Wallace and Gromit: The Curse of the Were-Rabbit


Nick Park’s Wallace and Gromit, the stars of three charming, inventive, and well-crafted short films, are now the stars of a charming, inventive, and well-crafted feature. I saw it at an ASIFA screening last night and had an awfully good time–as, it seemed, did the entire audience.

When I first heard of this project, I worried. Would the cheese-lover-and-dog comedy team’s schtick grow tiresome at feature length? The answer, it turns out, is no. Were-Rabbit may be, pretty much, a Wallace and Gromit cartoon that happens to be a lot longer, but that’s fine–the barrage of comic ideas never flags, and the film doesn’t feel padded. Without question, it’s the most enjoyable non-Pixar, non-Japanese animated feature I’ve seen since Lilo and Stitch. You were probably going to see it anyhow, but consider this my recommendation that you do so.

And yet…

As before, Gromit is the smartest character here (and the best actor, despite doing most of his acting with his doll-like eyeballs and furrowed brow), and the humans, including Wallace, are mostly lovable numbskulls. Sure, we care about them. Yes, we root for Wallace and Gromit and their humane rabbit-removal service.

But though Aardman’s working in a form that’s longer, its characters aren’t getting deeper. Wallace and Gromit make us laugh, repeatedly. Even after seeing Were-Rabbit, though, I can’t imagine them reaching deeper into our emotions, in the way that the major characters in the best Disney and Pixar features do.

That’s partially because this movie is a silly (and occasionally slightly scary) horrific comedy. And it’s also because the Aardman style, as engaging as it is, is fundamentally non-serious–with their bulging eyeballs and double-wide mouths, the studio’s Don Martin-esque characters just aren’t built for anything but broad comedy.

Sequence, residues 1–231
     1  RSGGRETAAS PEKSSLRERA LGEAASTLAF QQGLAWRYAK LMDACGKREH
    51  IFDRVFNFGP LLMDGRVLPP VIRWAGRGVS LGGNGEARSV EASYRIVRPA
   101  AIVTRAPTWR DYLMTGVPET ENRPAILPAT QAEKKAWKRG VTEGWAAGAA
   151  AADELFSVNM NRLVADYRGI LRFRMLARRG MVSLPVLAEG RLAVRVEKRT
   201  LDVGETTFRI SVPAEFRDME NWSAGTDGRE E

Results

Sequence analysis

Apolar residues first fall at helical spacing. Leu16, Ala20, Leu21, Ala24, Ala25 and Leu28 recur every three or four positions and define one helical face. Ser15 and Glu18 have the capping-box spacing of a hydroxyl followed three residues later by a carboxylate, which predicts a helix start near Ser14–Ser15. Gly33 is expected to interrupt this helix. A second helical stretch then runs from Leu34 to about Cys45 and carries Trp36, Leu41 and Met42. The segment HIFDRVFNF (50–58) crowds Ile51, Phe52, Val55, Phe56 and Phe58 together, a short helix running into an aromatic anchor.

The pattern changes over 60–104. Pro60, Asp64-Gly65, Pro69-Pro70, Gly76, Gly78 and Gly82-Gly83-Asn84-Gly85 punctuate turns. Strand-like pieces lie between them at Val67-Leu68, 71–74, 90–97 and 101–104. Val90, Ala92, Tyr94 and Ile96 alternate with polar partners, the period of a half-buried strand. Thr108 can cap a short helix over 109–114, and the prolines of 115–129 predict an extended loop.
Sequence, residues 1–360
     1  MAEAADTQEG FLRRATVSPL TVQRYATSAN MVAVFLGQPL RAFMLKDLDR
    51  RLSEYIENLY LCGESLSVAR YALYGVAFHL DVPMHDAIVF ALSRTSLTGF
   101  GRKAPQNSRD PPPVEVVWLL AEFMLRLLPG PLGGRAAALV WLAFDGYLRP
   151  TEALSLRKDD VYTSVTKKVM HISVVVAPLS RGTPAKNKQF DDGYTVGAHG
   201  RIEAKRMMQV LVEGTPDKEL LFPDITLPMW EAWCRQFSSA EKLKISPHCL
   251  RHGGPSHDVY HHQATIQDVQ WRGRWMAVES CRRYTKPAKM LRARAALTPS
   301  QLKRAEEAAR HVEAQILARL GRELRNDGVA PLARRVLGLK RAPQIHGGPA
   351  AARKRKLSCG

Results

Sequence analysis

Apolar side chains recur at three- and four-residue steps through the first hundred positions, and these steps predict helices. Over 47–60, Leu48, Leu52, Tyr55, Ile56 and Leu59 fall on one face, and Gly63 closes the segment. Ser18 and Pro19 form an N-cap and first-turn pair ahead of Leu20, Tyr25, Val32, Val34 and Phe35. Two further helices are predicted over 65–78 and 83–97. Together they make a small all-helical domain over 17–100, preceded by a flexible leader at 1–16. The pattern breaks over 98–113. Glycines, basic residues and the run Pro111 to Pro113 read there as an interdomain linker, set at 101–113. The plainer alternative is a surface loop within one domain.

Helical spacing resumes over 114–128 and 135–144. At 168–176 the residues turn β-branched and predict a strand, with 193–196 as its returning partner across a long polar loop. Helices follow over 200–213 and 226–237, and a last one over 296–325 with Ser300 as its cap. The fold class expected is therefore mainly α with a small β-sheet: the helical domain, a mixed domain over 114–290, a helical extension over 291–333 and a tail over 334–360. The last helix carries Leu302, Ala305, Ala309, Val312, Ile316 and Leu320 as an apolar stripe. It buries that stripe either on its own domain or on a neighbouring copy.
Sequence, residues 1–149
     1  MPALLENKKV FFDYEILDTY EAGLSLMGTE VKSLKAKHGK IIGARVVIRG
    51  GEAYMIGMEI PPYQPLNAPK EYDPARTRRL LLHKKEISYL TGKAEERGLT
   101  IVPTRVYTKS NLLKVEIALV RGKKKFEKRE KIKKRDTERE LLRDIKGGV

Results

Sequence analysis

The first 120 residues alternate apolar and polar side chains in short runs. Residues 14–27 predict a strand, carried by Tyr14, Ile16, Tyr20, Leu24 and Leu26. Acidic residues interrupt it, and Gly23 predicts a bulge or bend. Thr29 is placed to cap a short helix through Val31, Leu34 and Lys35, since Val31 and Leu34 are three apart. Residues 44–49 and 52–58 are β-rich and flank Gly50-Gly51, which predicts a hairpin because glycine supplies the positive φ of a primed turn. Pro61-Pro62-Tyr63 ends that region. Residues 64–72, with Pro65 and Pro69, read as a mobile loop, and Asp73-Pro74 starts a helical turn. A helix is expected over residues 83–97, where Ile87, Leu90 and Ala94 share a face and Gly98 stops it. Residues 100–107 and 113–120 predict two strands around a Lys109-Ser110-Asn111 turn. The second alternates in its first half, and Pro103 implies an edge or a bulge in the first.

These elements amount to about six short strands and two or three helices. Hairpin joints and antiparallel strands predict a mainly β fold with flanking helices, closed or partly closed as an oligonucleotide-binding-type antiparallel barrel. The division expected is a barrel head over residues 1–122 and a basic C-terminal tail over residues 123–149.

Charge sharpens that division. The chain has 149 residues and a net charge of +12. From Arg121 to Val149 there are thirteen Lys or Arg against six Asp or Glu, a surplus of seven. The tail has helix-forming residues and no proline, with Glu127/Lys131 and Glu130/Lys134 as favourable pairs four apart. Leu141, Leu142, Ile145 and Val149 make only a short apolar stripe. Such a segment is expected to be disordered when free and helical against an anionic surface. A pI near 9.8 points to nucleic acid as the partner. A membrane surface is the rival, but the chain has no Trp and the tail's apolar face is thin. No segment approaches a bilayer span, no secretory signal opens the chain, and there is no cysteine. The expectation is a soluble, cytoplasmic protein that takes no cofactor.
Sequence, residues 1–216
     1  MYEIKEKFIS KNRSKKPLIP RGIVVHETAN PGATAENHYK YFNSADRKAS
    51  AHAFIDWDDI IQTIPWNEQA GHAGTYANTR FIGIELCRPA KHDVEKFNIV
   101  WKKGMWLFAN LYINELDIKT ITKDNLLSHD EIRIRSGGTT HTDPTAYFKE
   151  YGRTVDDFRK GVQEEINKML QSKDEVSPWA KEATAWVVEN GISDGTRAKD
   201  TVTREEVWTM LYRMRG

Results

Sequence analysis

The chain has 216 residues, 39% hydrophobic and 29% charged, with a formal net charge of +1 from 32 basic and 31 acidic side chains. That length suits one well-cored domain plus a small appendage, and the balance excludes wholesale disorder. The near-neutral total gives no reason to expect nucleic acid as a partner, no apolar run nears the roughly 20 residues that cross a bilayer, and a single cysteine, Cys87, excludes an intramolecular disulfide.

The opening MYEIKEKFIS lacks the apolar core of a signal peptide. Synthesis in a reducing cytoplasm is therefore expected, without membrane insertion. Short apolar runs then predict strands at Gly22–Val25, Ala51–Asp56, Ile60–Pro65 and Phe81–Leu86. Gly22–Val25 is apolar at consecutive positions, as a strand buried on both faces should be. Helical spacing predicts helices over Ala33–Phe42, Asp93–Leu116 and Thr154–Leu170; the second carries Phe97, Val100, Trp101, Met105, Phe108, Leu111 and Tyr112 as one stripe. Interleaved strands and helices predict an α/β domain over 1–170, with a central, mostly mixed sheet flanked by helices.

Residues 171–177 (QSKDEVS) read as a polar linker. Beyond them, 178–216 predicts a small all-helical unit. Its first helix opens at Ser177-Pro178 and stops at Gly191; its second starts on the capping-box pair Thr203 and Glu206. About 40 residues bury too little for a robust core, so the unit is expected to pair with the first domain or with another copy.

The film has moments which could have been taken seriously. Among other things, the plot involves a character who repeatedly threatens to shoot the rabbits who swipe vegetables from W&G’s clients. But this isn’t Bambi–you never fear for these bunnies’ safety any more than you do for Bugs’s.

Technically, the film is a joy. It’s often been noted that stop-motion animation and CGI have much in common. Yet in other ways, they’re wildly different, and Were-Rabbit is a strong argument for the continued relevance of the old way–if it had been done with computers, it wouldn’t have been anywhere near as charming. (Note: Apparently, a tiny bit of it was computer-generated…seamlessly so, fortunately.)

Even good computer animation sometimes feels sterile and synthetic, but stop-motion Aardman style is wonderfully, unapologetically hand-made. There’s nothing mathematical about these characters, who are truly cartoony in a way that computer-generated ones rarely are. If Gromit had been designed for computer animation, he’d have textured fur, claws, a moist nose, and an ornate collar–and he wouldn’t be nearly as engaging.

Stop motion is a medium that’s often been burdened by cheesiness–yes, Rankin and Bass, I’m looking at you. Were-Rabbit reminds us that it’s capable of high comedy; there are countless moments in which the Aardman animators wring the maximum humor out of a moment through clever character animation. (One instance that comes to mind is when the hunter character accidentally dons a black rabbit instead of his toupee.) But even as I was laughing myself silly, I wondered: Is it possible to do truly great character animation in stop motion? Or, to put it another way, is there a Bill Tytla of clay?

I’m not sure if there ever has been, but I think there could be. I think back to Will Vinton’s Adventures of Mark Twain film–and I get depressed, because that film showed that Vinton was on the verge of greatness before he turned his attention to singing raisins. Vinton’s melancholy Twain represents something close to truly great, multifacted character animation in a way that Aardman’s work, for all its lovable quirkiness, haven’t achieved.